So what stood out for me at this year's event? On the positive side, I appreciate the continued inclusion of lesser known producers from less celebrated parts of the wine world, like Greece's Boutari, Domaine Gerovassilou and Tselepos; Argentina and Chile's Concha y Toro, Loma Larga, Achaval-Ferrer and Bodega Catena Zapata; Sherry producers Pedro Romero and El Maestro Sierra; and Washington State's Buty, Januik and Mark Ryan Winery. For the list of wines I rated 93 points or more, see below. On the negative side, the boorish and obnoxious behavior of Movia's owner/winemaker Ales Kristancic. I have never experienced more attitude and less interest in pouring one's wine from any winery owner or representative at any event in my life. (At one point I commented to the woman gamely trying to fill in at his station that Ales seemed to have "checked out." She cleverly responded, given the breakup of Czechoslovakia, that one might more accurately say he'd "Slavved out.") He was regularly absent from the Movia station, and instead could be seen grabbing and manhandling attractive women throughout the event. I returned multiple times to the Movia station, hoping to get a taste of the Puro Brut Rosé, which I hadn't tried before. For over 45 minutes, I was told to come back when the "tall bald guy" is here. He had to personally open it, as the fact that it's bottled with its lees requires it to be opened and disgorged under water. He finally did return and I was first in line. Ales performed his show of opening the brut under water, in a large bowl, constantly looking at the women in his audience. When he finally popped the cork, clumsily, he managed to drain all but half a glass of the wine directly into the large punch bowl. I managed to get a couple sips of what was left. My god, what an insufferable clown! For a couple of pics of Alex grabbing women (I could have taken dozens more from what I personally observed that night), see below. Personally, I've totally lost interest in this particular producer as a result of Ales's boorish behavior. If W&S invites him back next year, now that we all know how he behaves with women, they risk lawsuits for hostile work environment sexual harassment.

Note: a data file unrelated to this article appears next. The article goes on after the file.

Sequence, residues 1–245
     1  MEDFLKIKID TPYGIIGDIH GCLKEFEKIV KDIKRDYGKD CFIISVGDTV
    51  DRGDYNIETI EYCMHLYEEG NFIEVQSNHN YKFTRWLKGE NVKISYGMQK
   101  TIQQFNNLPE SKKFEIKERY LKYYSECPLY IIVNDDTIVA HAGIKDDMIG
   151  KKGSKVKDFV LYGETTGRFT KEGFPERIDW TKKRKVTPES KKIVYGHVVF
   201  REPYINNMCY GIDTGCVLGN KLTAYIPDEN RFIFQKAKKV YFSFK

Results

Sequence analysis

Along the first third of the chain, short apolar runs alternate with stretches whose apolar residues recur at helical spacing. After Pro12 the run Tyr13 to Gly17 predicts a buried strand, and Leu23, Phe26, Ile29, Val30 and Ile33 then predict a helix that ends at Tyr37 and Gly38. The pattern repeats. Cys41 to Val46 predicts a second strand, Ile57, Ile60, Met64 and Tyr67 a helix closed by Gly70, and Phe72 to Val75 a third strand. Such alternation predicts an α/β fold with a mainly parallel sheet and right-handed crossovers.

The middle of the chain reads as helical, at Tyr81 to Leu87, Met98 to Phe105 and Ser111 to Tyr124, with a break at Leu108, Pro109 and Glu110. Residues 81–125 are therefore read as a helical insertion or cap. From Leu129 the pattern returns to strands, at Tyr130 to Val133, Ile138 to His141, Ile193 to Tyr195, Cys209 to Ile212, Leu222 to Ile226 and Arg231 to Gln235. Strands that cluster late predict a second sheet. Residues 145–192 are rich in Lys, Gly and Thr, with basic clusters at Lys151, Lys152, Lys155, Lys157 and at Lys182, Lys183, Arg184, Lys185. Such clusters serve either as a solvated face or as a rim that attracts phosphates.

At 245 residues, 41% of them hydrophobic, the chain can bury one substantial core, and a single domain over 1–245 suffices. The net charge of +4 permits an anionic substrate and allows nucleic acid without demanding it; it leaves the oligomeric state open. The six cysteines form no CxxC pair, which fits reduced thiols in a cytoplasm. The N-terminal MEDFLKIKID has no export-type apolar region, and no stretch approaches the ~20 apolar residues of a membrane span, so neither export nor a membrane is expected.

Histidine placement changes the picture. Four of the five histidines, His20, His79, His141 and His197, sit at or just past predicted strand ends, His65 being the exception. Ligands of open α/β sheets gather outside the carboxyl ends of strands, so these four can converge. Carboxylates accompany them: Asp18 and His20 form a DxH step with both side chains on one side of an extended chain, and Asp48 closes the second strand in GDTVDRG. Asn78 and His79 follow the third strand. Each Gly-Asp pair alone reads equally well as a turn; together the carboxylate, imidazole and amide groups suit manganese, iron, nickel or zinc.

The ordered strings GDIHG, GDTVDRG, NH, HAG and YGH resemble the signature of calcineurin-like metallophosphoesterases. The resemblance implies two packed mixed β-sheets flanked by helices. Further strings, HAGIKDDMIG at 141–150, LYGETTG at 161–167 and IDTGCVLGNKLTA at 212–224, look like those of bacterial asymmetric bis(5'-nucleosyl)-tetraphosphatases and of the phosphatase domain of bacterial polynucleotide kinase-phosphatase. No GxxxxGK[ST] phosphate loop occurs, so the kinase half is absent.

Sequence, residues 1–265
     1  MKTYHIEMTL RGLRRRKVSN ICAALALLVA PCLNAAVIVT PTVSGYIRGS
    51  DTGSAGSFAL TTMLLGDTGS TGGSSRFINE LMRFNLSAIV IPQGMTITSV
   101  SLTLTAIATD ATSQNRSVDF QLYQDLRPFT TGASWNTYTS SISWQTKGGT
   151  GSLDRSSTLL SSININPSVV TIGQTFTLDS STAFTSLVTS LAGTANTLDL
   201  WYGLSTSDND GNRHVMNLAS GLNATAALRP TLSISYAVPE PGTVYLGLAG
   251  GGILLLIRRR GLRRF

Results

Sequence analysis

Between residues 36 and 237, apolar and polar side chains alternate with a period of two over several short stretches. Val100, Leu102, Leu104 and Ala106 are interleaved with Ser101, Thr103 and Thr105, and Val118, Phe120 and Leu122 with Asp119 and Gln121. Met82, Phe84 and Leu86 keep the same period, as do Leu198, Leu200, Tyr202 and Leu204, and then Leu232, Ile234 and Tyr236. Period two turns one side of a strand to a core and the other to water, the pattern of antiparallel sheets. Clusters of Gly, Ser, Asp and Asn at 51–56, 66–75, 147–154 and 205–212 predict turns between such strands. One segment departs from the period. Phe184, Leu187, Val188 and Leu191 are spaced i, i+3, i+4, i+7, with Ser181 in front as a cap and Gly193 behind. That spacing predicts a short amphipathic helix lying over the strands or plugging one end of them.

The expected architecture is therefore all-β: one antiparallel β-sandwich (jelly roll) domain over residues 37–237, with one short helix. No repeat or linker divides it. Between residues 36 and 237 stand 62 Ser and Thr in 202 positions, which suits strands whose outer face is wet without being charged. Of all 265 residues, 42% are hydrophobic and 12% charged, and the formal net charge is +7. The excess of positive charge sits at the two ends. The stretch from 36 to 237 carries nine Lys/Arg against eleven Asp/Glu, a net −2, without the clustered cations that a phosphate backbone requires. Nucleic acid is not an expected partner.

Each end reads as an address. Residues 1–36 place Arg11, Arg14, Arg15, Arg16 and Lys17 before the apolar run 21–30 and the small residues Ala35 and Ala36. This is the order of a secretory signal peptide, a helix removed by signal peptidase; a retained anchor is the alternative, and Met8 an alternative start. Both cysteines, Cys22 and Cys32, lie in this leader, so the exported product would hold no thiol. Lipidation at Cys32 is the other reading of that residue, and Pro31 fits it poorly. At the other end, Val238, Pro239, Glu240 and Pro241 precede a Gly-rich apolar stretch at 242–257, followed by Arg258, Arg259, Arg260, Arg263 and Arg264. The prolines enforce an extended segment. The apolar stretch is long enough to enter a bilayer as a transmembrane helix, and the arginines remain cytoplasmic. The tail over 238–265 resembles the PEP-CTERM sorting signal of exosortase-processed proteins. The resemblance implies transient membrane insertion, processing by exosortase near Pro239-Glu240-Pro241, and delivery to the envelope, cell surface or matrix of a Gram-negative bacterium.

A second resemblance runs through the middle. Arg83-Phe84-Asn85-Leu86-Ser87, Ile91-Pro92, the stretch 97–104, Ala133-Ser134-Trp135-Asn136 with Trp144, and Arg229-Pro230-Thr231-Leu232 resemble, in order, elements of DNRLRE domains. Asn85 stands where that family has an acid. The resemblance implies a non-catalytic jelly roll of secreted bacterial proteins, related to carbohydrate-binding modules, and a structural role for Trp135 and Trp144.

The wines I most enjoyed at this tasting, rating them 93 points or higher, were as follows:
2007 Bond Vecina - 93 points
2007 Diamond Creek Volcanic Hill - 93+ points
2007 Diamond Creek Red Rock Terrace - 93 points
2008 Jasper Hill Shiraz Georgia's Paddock - 93 points
2008 Domaine Leflaive Puligny-Montrachet 1er Cru Les Pucelles - 93 points
2006 Louis Jadot Chapelle-Chambertin - 93 points
2002 Moët & Chandon Champagne Cuvée Dom Pérignon - 93 points
2009 Philippe Colin Chevalier-Montrachet - 93 points
2007 Quinta do Noval Porto Vintage - 94 points
2009 Weingut Robert Weil Kiedricher Gräfenberg Riesling Auslese - 93 points
2004 Louis Roederer Champagne Cristal Brut - 93 points
The biggest new finds for me were the tasty and savory Loire wines of Domaine de Bellivière; the standout Shiraz from Jasper Hill (one of the best Aussie Shirazes I've had in a few years; I see why W&S said their '08 "is a candidate for Australia's most elegant shiraz"); the floral, detailed Friulian wines of Edi Kante; the high level of Philippe Colin's two 2009 white Burgundies; and the elegance of Storybook Mountain's 2008 Zin. For my complete tasting notes, by producer, see below.